US Running Low on Diesel but Making More Than Ever

Fuels News had an interesting story today that highlights something we are seeing across the industry this winter – scarce diesel supply. With the coldest winter any of us can remember it is no surprise that we are using more diesel than we have in years since it is also consumed as heating oil.  We are now substantially below our 5 year range for days of supply and may not have seen the bottom yet.


This ramp in demand is driving inventories down and causing some real pain points in the supply chain.   The outcome is predictable, right, higher prices.  As reported last Friday in Fuels News we have seen diesel prices rise and while the price of diesel is always going to move in line with crude oil overall it is subject to it’s own supply/demand balance and right now we have in imbalance in diesel that has nothing to do with crude oil.

Weekly-US-Diesel-Retail-PricesThe steady decline in distillate inventories across the nation — particularly in the Northeast, drove me to ask a follow on question.  How much diesel are we making now relative to the history of US refining production?  Well as it turns out the refining industry has been tilting towards greater diesel output for quite some time.   The chart below, which I pulled from EIA data  on US refinery yields shows that we’ve boosted diesel yield by a total 30% over the past 20 years, and by over 20% just in the past 10 years.

Diesel Yield US Refinery

That is a LOT more diesel than we used to get out of a barrel of oil at 13 gallons per barrel compared with 9 gallons in 1993.   So what gives, where is all that diesel going?  Well that gives rise to another interesting angle that has also been growing like crazy, exports.   We used to import lots of gasoline and a little diesel, not anymore folks, we are supplying much of the western hemisphere with refined products.


This is overall a good thing I think.  These exports keep that refining margin here in this country and allow US refiners to continue making investments in producing cleaner fuels more efficiently.  In fact one of the most interesting numbers in all that EIA refinery yield data is the processing gain that US refiners are seeing today.  Compared with the less complex refining practices of 20 years ago refiners now gain 1.3% more from each bbl than they used to.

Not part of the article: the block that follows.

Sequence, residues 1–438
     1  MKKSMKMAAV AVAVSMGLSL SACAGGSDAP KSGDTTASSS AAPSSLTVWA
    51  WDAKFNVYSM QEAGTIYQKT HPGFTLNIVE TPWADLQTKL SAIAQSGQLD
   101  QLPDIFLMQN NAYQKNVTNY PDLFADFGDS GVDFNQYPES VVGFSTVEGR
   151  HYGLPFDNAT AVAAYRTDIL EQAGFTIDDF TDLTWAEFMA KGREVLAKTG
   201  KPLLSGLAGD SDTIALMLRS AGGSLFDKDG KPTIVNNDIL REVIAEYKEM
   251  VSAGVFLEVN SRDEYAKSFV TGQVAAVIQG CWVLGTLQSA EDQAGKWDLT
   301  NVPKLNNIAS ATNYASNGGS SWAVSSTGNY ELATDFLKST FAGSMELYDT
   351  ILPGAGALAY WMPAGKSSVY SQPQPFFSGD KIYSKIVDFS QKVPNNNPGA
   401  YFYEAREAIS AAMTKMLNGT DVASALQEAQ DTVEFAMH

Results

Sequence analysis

1.3% doesn’t sound like much, but that is over 9 million gallons of additional refined products per day from the US fleet of refineries.  What’s even better is that most of that processing gain is based on using more US natural gas production which is of course much cheaper than the bbls of equivalent volume in crude.  So that feed stock price advantage and superior complexity gives our refiners an edge in the world marketplace in more ways than one.


  1. These analysis are all well and good. Would like to have seen a duty chart for the countries where we are shipping refined goods. Other countries are primarily public transportation “centric” , that puts the US at a significant disadvantage. We committed to the highway system in the 30’s and have failed to protect the driver, fuel prices. The bottom line is that adjusted for inflation, finished products should be in the $1.80 range. Until that happens the US economy cannot and will not recover as a whole.

  2. With more gas/condensate at lower price to refineries in US, API of combined refinery feed is expected to improve and should help in getting more distillate at lower severity of operation/lower fuel and loss and operating cost. Thus all factors are in favor of US refineries and challenge for other refineries in world and Particularly in Europe and Asia. Technology should give solution to this challenge and support healthy competition to help consumers on the whole.

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